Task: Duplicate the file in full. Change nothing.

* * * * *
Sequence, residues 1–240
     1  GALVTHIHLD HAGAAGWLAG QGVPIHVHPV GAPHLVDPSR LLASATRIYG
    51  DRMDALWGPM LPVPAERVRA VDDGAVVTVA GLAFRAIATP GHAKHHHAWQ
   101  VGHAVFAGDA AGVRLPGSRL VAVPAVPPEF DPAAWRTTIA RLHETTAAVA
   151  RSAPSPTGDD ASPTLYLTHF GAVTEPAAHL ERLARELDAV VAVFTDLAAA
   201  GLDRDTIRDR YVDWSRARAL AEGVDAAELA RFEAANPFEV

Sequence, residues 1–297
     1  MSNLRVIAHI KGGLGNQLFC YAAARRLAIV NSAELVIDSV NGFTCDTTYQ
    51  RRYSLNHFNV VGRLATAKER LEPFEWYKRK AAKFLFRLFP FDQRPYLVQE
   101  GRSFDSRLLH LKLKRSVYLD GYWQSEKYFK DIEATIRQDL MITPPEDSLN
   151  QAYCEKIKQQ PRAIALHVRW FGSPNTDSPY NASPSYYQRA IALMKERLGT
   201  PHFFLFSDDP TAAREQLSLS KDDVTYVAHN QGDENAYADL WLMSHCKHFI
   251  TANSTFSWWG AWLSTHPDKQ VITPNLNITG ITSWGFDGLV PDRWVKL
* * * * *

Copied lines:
Sequence, residues 1–240
     1  GALVTHIHLD HAGAAGWLAG QGVPIHVHPV GAPHLVDPSR LLASATRIYG
    51  DRMDALWGPM LPVPAERVRA VDDGAVVTVA GLAFRAIATP GHAKHHHAWQ
   101  VGHAVFAGDA AGVRLPGSRL VAVPAVPPEF DPAAWRTTIA RLHETTAAVA
   151  RSAPSPTGDD ASPTLYLTHF GAVTEPAAHL ERLARELDAV VAVFTDLAAA
   201  GLDRDTIRDR YVDWSRARAL AEGVDAAELA RFEAANPFEV

Sequence, residues 1–297
     1  MSNLRVIAHI KGGLGNQLFC YAAARRLAIV NSAELVIDSV NGFTCDTTYQ
    51  RRYSLNHFNV VGRLATAKER LEPFEWYKRK AAKFLFRLFP FDQRPYLVQE
   101  GRSFDSRLLH LKLKRSVYLD GYWQSEKYFK DIEATIRQDL MITPPEDSLN
   151  QAYCEKIKQQ PRAIALHVRW FGSPNTDSPY NASPSYYQRA IALMKERLGT
   201  PHFFLFSDDP TAAREQLSLS KDDVTYVAHN QGDENAYADL WLMSHCKHFI
   251  TANSTFSWWG AWLSTHPDKQ VITPNLNITG ITSWGFDGLV PDRWVKL